New study confirms the innovative dimension of MSCA Innovative Training Networks, while offering recommendations for policymakers and applicants

The study on the Horizon 2020 ITN scheme further provides a framework for extracting and analysing innovative aspects in EU-funded projects, furnishing valuable insights and tools for policy-feedback activities and future EU programme enhancements.

The European Union (EU) is constantly seeking to enhance and valorise innovation to respond to the challenges of our era. Notably, and as presented in the recently published European Innovation Scoreboard, the EU has been improving its innovation performance year by year. For example, in 2022, the EU overtook Japan in its innovation performance and reduced the gap with other global competitors, such as Australia, Canada, South Korea and the United States.

A recently published and peer-reviewed study, conducted by the European Research Executive Agency (REA), in collaboration with the European Commission’s Directorate General for Education, Youth, Sport and Culture (DG EAC), analysed innovation aspects of Innovative Training Networks under Horizon 2020 (H2020-MSCA-ITN).

The Marie Skłodowska-Curie Actions (MSCA) ITN funding scheme, renamed Doctoral Networks under Horizon Europe (HE-MSCA-DN), aims to train a new generation of entrepreneurial and innovative early-stage researchers, able to face current and future challenges, and to convert knowledge and ideas into products and services for economic and social benefit.

Goals of the study

The main goals were to develop a practical methodology for tracking innovation in MSCA-ITN projects, to collect and present their most relevant elements, and draw conclusions and recommendations to further enhance innovation creation in future funding actions.

Methodology developed can be replicated by other EU funding programmes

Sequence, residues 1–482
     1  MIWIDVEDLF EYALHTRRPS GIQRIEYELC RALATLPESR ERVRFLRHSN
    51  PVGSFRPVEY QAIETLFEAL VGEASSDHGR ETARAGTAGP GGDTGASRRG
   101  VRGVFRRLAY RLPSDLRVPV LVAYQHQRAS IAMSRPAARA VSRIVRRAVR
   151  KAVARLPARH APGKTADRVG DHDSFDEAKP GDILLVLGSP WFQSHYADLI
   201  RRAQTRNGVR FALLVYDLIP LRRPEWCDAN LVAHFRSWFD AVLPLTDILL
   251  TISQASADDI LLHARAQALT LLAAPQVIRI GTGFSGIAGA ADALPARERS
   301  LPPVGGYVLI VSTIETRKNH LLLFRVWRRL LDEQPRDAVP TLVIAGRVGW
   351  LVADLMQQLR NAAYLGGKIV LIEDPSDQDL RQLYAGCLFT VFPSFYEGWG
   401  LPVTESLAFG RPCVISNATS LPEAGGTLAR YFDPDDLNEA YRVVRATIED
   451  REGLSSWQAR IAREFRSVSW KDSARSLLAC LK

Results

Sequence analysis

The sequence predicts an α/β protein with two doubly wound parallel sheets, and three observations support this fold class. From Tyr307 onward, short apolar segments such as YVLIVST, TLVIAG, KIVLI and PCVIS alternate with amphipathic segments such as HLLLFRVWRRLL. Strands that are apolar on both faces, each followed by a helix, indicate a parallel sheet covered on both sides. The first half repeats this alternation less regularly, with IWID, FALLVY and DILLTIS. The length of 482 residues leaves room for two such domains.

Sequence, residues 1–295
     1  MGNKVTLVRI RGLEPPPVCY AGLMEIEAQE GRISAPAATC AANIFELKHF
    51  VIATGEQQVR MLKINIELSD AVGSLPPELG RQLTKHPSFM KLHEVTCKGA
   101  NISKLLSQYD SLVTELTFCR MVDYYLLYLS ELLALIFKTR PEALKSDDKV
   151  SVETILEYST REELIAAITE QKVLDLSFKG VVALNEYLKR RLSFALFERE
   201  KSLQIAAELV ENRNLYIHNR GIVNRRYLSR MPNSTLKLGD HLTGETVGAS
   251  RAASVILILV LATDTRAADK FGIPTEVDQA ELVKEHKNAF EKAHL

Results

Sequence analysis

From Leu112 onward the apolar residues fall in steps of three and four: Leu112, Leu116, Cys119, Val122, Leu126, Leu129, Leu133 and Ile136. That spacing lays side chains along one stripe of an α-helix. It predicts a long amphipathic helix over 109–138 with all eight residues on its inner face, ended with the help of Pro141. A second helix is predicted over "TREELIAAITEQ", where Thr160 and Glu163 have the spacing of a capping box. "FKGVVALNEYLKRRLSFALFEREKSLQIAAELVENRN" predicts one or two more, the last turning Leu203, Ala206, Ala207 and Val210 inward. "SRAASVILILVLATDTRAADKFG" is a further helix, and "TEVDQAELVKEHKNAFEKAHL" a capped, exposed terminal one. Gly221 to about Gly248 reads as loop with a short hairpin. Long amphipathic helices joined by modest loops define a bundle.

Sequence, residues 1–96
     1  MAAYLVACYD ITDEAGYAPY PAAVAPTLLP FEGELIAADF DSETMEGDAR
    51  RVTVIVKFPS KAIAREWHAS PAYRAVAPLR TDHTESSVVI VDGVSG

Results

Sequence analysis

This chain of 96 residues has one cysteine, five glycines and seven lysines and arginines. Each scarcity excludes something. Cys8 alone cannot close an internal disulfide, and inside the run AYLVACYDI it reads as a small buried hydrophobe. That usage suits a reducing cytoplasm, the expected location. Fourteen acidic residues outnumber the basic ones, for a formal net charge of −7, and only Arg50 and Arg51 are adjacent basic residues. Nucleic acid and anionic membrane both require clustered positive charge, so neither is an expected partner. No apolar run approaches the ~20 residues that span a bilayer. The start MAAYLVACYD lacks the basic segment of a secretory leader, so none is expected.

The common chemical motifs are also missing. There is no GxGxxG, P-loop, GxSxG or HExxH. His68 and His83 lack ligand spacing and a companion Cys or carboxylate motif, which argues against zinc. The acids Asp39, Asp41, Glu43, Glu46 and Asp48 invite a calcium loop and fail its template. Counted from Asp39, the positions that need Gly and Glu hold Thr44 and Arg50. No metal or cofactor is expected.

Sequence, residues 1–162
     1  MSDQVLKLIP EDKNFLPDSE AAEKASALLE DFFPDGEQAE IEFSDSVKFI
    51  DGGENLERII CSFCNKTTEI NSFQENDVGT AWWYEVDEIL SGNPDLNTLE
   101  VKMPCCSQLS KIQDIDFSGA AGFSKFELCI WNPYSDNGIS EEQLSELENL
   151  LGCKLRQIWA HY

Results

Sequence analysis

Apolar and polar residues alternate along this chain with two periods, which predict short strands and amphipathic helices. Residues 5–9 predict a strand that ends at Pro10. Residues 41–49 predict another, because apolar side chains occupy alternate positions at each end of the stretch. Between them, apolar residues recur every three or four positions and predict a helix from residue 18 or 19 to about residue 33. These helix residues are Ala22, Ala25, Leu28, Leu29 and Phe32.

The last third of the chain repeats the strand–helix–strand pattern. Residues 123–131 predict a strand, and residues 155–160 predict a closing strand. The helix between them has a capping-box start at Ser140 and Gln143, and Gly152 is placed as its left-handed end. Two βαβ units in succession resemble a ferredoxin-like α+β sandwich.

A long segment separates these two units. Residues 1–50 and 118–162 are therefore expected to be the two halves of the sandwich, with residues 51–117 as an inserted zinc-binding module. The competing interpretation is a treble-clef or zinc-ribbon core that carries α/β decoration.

It is worth noting that the methodological approach developed and tested by this study can be applied to other similar EU funding programmes. It does not only focus on usual innovation aspects (tangible innovation), but also on “non-tangible” ones and includes recommendations for applicants on the best project setup to bolster potential innovation. The study aligns with the New European Innovation Agenda, emphasising talent development and improved policymaking tools.

Methods used

Projects assessed were funded between 2014 and 2017, since most of the more recent projects are still ongoing. The researchers used three types of approaches for the study:

  • A methodological approach, which combined quantitative analyses using innovation indicators from the literature and the EU’s Horizon 2020 Framework programme with qualitative data from surveys/questionnaires and the inspection of individual project reports.  In addition, the Innovation Radar and the Horizon Results Booster (two internal tools for detecting, analysing and valorising innovative projects) were used.  Finally, the validity of using most frequently found terms (“word clouds”) to analyse text content was tested.
  • An analysis of innovations generated by MSCA-ITN projects, which relied on two main indicators, namely the number of patents and “innovations” as assessed by the Innovation Radar.  Out of the 550 projects studied, and using those two innovation indicators, 118 projects were identified as having a high innovation output or high innovation potential.